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NEC turns your arm into a touch-sensitive remote control


You may ask yourself, why bother tapping touchscreens or physical buttons when an accelerometer can be strapped to the wrist, turning any ol' arm into a wireless touch panel? That's the claim that NEC is making today. A wrist-worn band of compact acceleration sensors divides the arm into seven sections along the upper, middle, and lower arm that can then be assigned as virtual inputs to an electronic device. No more reaching into a bag to answer the phone, no more plucking at the strings of a guitar to create song -- everything is controlled through a natural tap of the arm or clap of the hands. Once in a lifetime tech that feels the same as it ever was.

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NEC Develops Technology to Control Devices with the Tap of an Arm

Tokyo, March 7, 2011 - NEC Corporation (NEC; TSE: 6701) announced today the development of technologies that enable users to control consumer electronics with the tap of an arm.

These technologies consist of compact acceleration sensors that are worn on each wrist and enable users' arms to function as virtual control panels. When a user taps an arm, the sensors determine which area of the arm received contact. These areas are separated into 7 sections that each correspond to a virtual input switch that can be used to operate an electronic device.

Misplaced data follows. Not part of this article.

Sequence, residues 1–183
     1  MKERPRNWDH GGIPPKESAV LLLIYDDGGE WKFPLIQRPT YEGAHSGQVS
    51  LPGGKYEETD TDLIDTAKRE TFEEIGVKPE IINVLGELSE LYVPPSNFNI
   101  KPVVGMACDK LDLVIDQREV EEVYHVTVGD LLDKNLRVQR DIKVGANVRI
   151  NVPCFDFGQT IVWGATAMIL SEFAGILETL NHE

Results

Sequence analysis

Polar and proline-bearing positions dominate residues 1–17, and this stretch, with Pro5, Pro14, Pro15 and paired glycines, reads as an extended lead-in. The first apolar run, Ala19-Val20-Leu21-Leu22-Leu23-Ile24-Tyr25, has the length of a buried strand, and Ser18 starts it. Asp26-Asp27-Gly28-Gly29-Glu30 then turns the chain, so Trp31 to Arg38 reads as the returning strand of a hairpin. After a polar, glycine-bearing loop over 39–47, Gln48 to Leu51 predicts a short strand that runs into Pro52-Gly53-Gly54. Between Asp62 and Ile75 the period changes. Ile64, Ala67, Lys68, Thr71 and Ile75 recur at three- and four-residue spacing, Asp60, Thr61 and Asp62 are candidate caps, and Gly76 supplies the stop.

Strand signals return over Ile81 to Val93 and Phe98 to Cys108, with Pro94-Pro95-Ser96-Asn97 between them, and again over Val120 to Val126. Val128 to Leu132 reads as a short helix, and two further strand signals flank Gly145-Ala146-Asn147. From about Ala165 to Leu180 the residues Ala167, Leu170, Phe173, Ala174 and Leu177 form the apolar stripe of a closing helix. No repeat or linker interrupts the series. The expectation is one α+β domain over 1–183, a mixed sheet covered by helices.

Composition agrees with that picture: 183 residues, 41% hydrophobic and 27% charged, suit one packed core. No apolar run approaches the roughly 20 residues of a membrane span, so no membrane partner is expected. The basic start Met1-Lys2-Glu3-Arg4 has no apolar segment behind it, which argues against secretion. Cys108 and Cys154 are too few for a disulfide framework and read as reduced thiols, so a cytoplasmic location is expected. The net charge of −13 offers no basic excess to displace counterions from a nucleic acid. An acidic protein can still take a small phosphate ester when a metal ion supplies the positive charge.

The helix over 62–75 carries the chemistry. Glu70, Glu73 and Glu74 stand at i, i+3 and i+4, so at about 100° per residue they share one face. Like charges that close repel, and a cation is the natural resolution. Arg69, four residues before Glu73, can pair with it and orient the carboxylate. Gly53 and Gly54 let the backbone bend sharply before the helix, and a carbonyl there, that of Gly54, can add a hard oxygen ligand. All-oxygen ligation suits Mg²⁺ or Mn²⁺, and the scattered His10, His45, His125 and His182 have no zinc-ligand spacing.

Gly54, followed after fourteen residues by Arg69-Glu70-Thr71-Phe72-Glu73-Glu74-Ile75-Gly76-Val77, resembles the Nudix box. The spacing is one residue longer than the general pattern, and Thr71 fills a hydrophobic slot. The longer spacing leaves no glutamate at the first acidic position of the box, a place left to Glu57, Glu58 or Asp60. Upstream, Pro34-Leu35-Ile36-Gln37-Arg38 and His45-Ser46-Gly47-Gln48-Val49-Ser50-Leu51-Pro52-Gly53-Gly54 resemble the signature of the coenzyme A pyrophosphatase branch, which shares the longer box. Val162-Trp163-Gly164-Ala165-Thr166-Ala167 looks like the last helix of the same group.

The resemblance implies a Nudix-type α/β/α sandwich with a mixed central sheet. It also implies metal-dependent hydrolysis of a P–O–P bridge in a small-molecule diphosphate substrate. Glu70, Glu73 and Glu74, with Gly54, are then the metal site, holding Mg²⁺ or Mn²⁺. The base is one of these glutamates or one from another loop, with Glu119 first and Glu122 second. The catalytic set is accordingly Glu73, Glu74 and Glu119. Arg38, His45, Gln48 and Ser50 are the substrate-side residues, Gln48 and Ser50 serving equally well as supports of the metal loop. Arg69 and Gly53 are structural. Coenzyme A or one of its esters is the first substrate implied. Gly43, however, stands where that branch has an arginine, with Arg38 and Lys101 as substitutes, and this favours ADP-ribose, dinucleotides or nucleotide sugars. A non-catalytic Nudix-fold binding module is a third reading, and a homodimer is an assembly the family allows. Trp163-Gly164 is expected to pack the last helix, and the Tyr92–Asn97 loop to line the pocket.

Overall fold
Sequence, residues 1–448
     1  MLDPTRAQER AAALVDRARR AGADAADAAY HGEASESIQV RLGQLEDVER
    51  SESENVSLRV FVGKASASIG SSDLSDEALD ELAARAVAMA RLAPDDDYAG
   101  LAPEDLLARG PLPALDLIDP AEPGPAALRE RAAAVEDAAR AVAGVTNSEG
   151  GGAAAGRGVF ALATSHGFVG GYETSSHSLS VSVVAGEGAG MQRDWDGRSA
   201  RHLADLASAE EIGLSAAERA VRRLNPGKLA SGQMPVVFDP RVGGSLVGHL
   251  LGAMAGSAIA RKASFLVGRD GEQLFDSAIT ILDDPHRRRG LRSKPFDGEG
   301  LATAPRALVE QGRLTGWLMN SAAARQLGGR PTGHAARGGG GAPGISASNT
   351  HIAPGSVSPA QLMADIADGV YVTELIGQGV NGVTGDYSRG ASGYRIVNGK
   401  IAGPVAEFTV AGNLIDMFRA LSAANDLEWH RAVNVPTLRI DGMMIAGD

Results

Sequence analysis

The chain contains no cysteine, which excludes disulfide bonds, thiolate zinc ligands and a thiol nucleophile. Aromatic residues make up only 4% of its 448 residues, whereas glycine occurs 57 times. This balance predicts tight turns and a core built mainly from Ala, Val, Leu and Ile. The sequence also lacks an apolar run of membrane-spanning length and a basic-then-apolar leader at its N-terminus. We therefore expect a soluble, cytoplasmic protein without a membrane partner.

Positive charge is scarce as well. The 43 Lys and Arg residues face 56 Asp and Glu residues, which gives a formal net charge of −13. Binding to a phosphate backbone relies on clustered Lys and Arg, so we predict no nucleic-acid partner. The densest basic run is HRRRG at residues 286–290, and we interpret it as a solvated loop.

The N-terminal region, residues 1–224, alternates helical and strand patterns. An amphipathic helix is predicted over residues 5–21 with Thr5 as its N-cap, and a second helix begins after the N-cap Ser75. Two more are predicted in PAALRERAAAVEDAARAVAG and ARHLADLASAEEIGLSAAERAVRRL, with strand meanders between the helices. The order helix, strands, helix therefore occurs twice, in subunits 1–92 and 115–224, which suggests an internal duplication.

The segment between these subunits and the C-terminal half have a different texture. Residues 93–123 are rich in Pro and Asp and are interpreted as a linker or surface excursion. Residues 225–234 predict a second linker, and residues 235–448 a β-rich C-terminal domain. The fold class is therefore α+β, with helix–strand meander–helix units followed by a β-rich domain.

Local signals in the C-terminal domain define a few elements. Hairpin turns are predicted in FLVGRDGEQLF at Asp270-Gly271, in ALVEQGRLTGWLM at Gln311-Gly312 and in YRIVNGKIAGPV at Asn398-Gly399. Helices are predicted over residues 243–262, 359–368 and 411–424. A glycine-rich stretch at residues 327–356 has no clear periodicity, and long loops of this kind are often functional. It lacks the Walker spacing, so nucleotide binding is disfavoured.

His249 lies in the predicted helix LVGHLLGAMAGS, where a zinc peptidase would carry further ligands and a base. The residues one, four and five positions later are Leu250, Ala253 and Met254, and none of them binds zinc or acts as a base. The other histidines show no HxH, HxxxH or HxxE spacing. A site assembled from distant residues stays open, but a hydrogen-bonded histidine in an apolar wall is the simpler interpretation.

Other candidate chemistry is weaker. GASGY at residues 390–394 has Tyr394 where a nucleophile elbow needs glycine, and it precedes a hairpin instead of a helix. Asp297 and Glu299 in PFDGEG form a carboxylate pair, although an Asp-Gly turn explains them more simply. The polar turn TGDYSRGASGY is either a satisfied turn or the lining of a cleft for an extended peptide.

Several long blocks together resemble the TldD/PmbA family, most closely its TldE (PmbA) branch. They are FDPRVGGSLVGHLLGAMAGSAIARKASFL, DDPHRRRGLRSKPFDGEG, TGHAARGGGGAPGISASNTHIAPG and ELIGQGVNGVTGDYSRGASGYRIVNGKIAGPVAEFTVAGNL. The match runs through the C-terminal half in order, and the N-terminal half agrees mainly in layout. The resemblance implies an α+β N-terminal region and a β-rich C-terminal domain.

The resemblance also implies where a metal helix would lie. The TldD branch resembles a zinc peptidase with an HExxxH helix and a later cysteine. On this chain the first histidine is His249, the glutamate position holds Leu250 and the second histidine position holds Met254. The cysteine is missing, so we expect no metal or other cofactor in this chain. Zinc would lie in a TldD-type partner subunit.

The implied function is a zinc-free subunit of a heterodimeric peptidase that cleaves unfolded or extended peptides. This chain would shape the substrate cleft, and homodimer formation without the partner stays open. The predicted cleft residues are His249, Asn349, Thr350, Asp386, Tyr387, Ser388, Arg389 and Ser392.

The operation of conventional information-processing equipment requires users to stop their current activity and take action on an independent switch.

These new technologies enable users to operate devices through natural motions that only require the tap of an arm. Possible applications of these technologies include music players that can be easily operated while exercising and mobile phones that may be operated remotely while stored in a bag.

The acceleration sensors on each wrist determine which area of the arm was tapped by comparing the differences in sensor signals that are received from taps on each section of the arm. These differences in each section are used in order to designate specific device oriented controls. Commands may be input from contact with 7 areas consisting of the upper, middle and lower sections of each arm as well as clapping the palms of both hands together.

Furthermore, these simple control gestures are easy to remember and are nearly free from input errors.

Looking forward, NEC will continue to drive the development of technologies that improve the user friendliness of information-processing equipment.

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